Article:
In This Article Junot Díaz

  • Introduction
  • This is How You Lose Her
  • “Monstro”
  • Pedagogy
  • On Junot Díaz’s Activism and #MeToo Moment and its Controversy

Latino Studies Junot Díaz
by
Sarah Quesada
  • LAST MODIFIED: 15 January 2019
  • DOI: 10.1093/obo/9780199913701-0137

Introduction

The renowned Dominican American writer Junot Díaz (b. 1968) is a polymath of many talents: A winner of the Pulitzer Prize and McArthur Genius awards, a human rights activist, a journalist, an MIT Creative Writing professor, a public intellectual, and a troubadour of the African diaspora. He has risen to prominence against painstaking odds, translating his ontology into a mastery of genre and aesthetics. Díaz paints the world through a Borgesian Aleph lens: Multiple realities all at once that reach far across the globe. In other words, his writing registers both “mean streets” and academic erudition and alternates between local structures of racial inequality and world-systems theory, always infused with a healthy dose of profanity and humor. It is fair to say that the tropes of his writing extend into his activism, as Díaz has served on the steering committee for Freedom University and remains vocal against reiterations of settler colonialism. He has most famously condemned the Dominican Sentencia that strips Haitian Dominicans of their birthrights; a seething criticism that prompted the Dominican Republic to revoke his Order of Merit. As if energized by civil disobedience, Díaz channels world-systems theorists such as Gloria Anzaldúa, Aníbal Quijano, and Michel Foucault to philosophically meditate on the most urgent contemporary concerns, including climate change, the rise of white supremacy, homophobia, sexism, colonialism, neoimperialism, and even the looming specter of zombies (metaphorically or otherwise). To date, Díaz has published his Pulitzer Prize–winning novel, The Brief Wondrous Life of Oscar Wao (“TBWLOW,” 2007); two highly acclaimed collections of short stories, Drown (1997) and This Is How You Lose Her (2013); and the children’s book Islandborn (2018). Top journals have published several of his short stories and essays, such as “Homecoming, with Turtle” (2004), “Wildwood” (2007), “Apocalypse: What Disasters Reveal” (2011), “MFA vs POC” (2014), and “The Mongoose and the Émigré” (2017). His short-story “Monstro” (2012), a sci-fi Afrofuturist tale, is believed to constitute part of his second and developing novel. He has also been featured several times (1996, 1997, 1999, 2000, 2013) in, and recently edited (2016), the renowned The Best American Short Stories collection as well as in a number of American literary anthologies. For instance, he has written the introduction or foreword to Beacon Best of 2001: Great Writing by Women and Men of All Colors and Cultures (2001), Latinos, Inc.: The Marketing and Making of a People (2012), Dismantle: An Anthology of Writing from the VONA/ Voices Writing Workshop (2014), and Letters to Palestine: Writers Respond to War and Occupation (2015). Most recently, Díaz added his voice to the hashtag “MeToo” Movement, publishing an essay concerning his rape as an eight-year-old boy and in the wake of the publication of his children’s book. Perplexingly, not even a month following his confessional, reports emerged accusing Díaz of sexual misconduct and bullying. The final section of this article addresses Díaz’s personal essay concerning his rape, the allegations against his personal behavior that followed, and the reports from MIT (which conducted a thorough investigation of the case) that cleared Díaz of significant wrongdoing. Although Díaz has published only three books, analysis of his corpus is quite extensive and varied. Thus, the General Overview section offers a non-exhaustive selection of some of the major scholarly contributions of his holistic work. The rest of the article also gives a non-exhaustive list of anthologies, analysis monographs, and journal articles that treat, separately, each of Díaz’s most acclaimed works. The final entries on his pedagogy, his activism, and his public persona speak to Díaz’s heterogeneous personality. This section offers insights into the many ways Díaz exists as both an author and a public figure across the globe.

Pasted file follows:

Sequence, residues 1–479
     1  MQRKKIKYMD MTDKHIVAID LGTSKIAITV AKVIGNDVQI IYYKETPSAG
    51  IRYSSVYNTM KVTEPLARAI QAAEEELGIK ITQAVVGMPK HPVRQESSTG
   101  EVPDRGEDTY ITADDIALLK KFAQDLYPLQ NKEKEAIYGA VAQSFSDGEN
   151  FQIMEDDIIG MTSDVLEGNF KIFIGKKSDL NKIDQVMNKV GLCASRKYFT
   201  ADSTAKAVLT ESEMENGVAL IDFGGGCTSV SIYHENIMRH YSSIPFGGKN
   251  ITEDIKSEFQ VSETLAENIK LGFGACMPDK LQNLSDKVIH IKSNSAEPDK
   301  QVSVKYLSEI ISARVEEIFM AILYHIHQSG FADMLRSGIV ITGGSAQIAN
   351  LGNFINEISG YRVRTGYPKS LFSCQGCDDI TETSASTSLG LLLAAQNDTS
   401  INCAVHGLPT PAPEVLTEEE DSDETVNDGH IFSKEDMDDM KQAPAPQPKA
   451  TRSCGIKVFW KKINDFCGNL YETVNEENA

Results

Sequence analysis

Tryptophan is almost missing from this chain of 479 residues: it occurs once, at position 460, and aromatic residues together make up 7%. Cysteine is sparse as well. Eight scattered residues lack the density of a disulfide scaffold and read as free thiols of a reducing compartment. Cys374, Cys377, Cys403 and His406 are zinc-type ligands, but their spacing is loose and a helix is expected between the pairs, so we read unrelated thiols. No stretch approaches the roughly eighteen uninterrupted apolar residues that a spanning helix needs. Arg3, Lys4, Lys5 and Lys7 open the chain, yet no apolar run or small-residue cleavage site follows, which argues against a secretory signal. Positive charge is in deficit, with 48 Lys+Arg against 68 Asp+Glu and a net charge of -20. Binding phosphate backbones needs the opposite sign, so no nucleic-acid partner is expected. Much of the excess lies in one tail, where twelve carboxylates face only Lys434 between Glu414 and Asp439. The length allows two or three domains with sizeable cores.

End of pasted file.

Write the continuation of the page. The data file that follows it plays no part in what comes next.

General Overview

Since the publication of Drown in 1996, numerous anthologies and encyclopedic texts reference Díaz’s oeuvre. References are cited that delve into the specifics of Literary Analysis applied to his works in general, followed by encyclopedic references in literary and cultural studies anthologies.

back to top

Users without a subscription are not able to see the full content on this page. Please subscribe or login.

How to Subscribe

Oxford Bibliographies Online is available by subscription and perpetual access to institutions. For more information or to contact an Oxford Sales Representative click here.

Article

Up

Down